This stopgap collection includes an inferior early mix of Don’t Go, a skewed self-portrait of my then-short-haired self smoking what looks to be a cigar or a blunt on the back insert, and a few interesting curios.
There are two tracks from an early session with Gord and Andrew Whitelaw right around the time SHOEBOX PARADISE was about to get underway (I guess you could call it “Papa Ghostface & Friend”).
The first of these is a spoken word tale of domestic bliss gone to hell called Trouble. Its lyrics were torn out of the blue Hilroy spiral notebook I was writing in at the time, stolen by Andrew Deane when I let him leaf through it at lunchtime one day at school.
I’ve never been able to figure out what a heart-on-sleeve romantic like him would have wanted with those words. He fancied himself a filmmaker at the time. Maybe he saw something in the story he thought he could use in a screenplay. Who knows?
I didn’t notice those pages were missing until some days later. And then I remembered him having a strange, almost embarrassed expression on his face when he gave me the book back after asking if he could give it a read during our lunch period (we didn’t eat together), telling me there was a lot of stuff in there. A little less stuff after you got through with it, eh Andy?
The second song recorded with Gord and Andrew was the mostly instrumental I Ain’t Got No Hair, which is kind of aimless, but it does have some good ideas — including my after-the-fact piano overdub and another complete butcher of “I Love You” from Barney & Friends. At the end you can hear me saying, “That was demented.” Pretty much sums it up.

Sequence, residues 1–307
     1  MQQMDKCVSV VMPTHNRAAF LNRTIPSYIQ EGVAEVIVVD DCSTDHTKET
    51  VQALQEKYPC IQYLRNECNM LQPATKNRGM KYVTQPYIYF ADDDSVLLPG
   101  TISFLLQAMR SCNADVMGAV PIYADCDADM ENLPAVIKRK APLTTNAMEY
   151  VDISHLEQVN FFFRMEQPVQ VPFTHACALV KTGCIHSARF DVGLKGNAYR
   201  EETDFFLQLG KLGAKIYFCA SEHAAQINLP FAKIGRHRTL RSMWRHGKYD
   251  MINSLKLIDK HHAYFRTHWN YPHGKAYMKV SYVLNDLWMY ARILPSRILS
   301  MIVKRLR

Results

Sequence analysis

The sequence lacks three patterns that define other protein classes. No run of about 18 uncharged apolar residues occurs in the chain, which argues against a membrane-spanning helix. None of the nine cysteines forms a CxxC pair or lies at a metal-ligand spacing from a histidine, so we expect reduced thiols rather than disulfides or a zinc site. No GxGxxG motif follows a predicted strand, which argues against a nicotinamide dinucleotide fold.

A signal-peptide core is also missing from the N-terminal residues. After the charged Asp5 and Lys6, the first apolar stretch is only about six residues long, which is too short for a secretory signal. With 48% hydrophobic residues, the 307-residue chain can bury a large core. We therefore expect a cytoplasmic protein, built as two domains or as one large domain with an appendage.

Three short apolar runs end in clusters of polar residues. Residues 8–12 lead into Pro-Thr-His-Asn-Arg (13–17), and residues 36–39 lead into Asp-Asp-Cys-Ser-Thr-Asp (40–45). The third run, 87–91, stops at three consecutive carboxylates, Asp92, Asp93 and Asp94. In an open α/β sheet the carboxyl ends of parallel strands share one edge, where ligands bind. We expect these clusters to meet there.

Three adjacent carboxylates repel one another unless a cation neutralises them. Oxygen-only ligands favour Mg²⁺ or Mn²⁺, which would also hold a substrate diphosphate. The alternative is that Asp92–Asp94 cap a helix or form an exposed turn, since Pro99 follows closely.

Both of these tracks were recorded at Andrew’s place. I brought over most of the equipment I had at the time, and we didn’t end up using even half of it. The Yamaha W-5 synth just sat on its stand feeling unloved. We recorded a third song with me on the drums. Gord and Andrew weren’t able to come up with any solid ideas, and Gord got me back on a stringed instrument in a hurry.
I erased that track without meaning to after we finished listening, forgetting to hit “save” before getting out of it. I’d be curious to hear it today, but I don’t think anything great was lost, so it’s nothing to feel too bad about.
I have to say, I’ve always really liked Trouble, with its ominous bass/guitar interplay sounding at times like music from an old blaxploitation flick warped into something darker and stranger. I took a few of the people I was living with at the time as inspiration and spun a tale of a man driven insane by the bad habits of his wife. The opening passage hints that perhaps he was a little crazy to begin with and domestic bliss was never in the cards for him.
For some reason I’ve always liked the way I don’t sound much like myself when I flatly intone, “He returned to Australia with visions of alcohol and prostitutes.” Maybe it’s a bit of the old John Cale influence swimming around in there again.
Andrew plays the drums there, and his jerky performance suits the song. Nine years after the fact I remixed the song and threw it on OUT-TAKES, MISFITS & OTHER THINGS. That’s probably the best place to hear it.
Other songs on this EP include a distorted stomp of an out-take from the Starving Artists sessions, and the full alternate version of Merry Fuckin’ Christmas, which I later tacked onto the album from which it drew its namesake because it was too catchy to be ignored.
Merry Fuckin’ Christmas (second version)
On My Wall
Don’t Go (rough mix)
I Ain’t Got No Hair